Species differences in taxine tolerance are well documented for domestic animals [9] and are likely to occur also among deer species. The pharmacokinetics of taxines has not been investigated but their main metabolization is likely to be by P450 enzymes within hepatocyte microsomes, as demonstrated for the related alkaloids paclitaxel and docetaxel used as anti-neoplastic drugs in the human medicine [10]. In ruminants, microbiological taxine degradation in the rumen is likely to be involved in the detoxification process as demonstrated for white-tailed deer [7]. However, a life-time adapted tolerance through induction of detoxifying liver enzymes can be suggested to be the key factor underlying the apparent protection against yew taxines observed in cervids such as roe deer and lethal yew poisoning can be considered to be dependent on the quantity consumed at first intake [8]. Regarding adaptation, the roe deer may benefit from its feeding behavior that includes a diet composed of small amounts of a wide range of plants. This browsing behavior can be considered beneficial by reducing the relative toxic dose and thus risk of acute intoxication after the first exposure to yew.

Yew is rare on a national scale in Norway but occurs in coastal and lowland areas in southern Norway [23]. Cultivars of yew are, however, widely used evergreen plants in gardens and public areas all over the country, and ornamental yew plants were most likely the main source of intoxication in our study. Horticultural yew plants obviously represent a potential threat to wild cervids during the winter when food is scarce and covered by snow, especially when located close to woodland areas. All but two of the reported roe deer cases occurred in Oslo in January-February 2015. This particular winter, heavy snow cover and icing limited the access to the blueberry plant, a key plant in the winter diet of roe deer.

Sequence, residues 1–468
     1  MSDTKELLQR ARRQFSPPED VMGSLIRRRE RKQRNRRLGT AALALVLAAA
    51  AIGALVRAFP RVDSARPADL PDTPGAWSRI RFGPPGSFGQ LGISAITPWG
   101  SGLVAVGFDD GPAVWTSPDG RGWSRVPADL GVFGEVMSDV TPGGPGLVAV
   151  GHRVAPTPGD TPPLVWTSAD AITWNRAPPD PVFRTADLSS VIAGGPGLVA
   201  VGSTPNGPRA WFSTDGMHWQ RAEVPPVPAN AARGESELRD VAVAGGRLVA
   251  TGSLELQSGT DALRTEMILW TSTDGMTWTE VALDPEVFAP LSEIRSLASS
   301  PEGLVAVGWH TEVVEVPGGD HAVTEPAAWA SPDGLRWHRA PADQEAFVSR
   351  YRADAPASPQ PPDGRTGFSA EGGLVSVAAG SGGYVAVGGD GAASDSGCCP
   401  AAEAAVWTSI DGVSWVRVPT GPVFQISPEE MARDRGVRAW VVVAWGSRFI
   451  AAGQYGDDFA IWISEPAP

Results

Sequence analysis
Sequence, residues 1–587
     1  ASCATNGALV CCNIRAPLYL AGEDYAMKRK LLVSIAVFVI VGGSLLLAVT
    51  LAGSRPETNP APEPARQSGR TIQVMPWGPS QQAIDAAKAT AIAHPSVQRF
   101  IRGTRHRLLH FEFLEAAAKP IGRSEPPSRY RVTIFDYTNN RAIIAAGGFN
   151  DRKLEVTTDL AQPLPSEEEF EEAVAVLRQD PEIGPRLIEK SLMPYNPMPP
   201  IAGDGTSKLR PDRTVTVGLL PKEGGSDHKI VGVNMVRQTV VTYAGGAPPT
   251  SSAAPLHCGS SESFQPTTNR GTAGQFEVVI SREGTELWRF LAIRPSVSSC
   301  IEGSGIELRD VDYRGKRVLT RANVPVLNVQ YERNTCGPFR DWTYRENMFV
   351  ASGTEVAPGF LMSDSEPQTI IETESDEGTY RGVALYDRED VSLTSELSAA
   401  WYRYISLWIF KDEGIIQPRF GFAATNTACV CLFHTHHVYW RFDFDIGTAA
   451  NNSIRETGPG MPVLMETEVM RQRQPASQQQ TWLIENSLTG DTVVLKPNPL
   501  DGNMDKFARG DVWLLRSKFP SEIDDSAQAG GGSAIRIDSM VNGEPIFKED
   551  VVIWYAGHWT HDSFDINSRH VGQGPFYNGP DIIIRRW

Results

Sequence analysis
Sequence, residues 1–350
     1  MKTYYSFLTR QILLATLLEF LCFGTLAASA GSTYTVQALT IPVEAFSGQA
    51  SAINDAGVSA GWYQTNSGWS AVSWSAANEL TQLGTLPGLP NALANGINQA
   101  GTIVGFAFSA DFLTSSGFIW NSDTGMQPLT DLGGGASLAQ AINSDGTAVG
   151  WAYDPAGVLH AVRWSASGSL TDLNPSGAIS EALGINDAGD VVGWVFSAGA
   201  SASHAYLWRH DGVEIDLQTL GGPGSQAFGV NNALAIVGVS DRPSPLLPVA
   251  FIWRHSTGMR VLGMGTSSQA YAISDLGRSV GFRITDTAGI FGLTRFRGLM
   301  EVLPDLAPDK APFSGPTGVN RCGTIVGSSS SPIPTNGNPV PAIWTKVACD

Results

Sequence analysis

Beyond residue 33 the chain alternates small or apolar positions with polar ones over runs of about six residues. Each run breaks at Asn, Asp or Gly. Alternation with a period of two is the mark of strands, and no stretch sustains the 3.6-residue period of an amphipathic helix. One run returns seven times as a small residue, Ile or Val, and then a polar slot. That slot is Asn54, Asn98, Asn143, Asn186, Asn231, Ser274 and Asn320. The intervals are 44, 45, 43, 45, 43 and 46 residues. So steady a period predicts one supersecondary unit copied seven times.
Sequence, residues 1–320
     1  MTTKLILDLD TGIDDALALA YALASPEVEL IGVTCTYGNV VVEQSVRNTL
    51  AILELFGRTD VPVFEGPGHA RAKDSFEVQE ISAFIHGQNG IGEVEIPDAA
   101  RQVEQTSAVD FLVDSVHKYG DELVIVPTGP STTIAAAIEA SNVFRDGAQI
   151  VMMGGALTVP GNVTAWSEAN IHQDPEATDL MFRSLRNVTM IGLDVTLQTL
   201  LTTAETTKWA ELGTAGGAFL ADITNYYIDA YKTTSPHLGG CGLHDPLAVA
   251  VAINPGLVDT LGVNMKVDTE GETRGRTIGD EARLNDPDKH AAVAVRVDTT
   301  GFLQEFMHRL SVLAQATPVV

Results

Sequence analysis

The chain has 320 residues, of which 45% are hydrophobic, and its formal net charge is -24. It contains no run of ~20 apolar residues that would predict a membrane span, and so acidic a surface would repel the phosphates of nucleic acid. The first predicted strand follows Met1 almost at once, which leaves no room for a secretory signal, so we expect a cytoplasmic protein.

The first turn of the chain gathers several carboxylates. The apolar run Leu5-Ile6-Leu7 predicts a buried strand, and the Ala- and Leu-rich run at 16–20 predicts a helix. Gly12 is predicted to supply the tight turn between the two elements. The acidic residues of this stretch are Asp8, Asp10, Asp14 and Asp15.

We propose that yew intoxication is underestimated as a cause of death in cervids, particularly roe deer. Roe deer are small and their carcasses are not readily observed. Individuals browsing on garden yew plants over a short nocturnal period and returning to the woods before dying will easily be overlooked and eaten by scavengers. During the media focus on the roe deer cases in Oslo in 2015, we received a report of a well-monitored and supplementary fed rural flock of approximately 10 individuals that was reduced by half following a single nights browsing on a nearby yew planting. Although no carcasses were detected, we suggest that this sudden flock reduction may have occurred as a result of yew intoxication.

In conclusion, this study demonstrated that the yew plant represents a potential intoxication hazard for various cervids. The planting of ornamental yew should be avoided in locations close to larger woodland areas. Our findings challenge previous assumptions of a generally high tolerance to yew taxines in cervid species such as roe deer. Adaptation through induction of protective mechanisms in the liver following a sub-lethal primary exposure presumably plays a key role for the outcome after subsequent yew ingestion. A follow up of the present study would be to examine taxine degradation in freshly harvested hepatocyte microsomes from Norwegian cervid populations with and without presumed exposure to yew. This could highlight both species differences in taxine tolerance and the role of individual adaptation.

Acknowledgments

The authors are grateful to Marianne Gilhuus, Bjarne Bergsjø and Marianne Sunde who carried out the bacteriological examinations, to Bjørnar Ytrehus who performed the post mortem examination of one of the reported moose, and to Marianne Heum for technical assistance. We also thank the Local Wildlife Authorities who inspected the carcasses in the field and provided laboratory submission. Financial support of this study was provided through the National Health Surveillance Program for Wild Cervids funded by the Norwegian Environment Agency.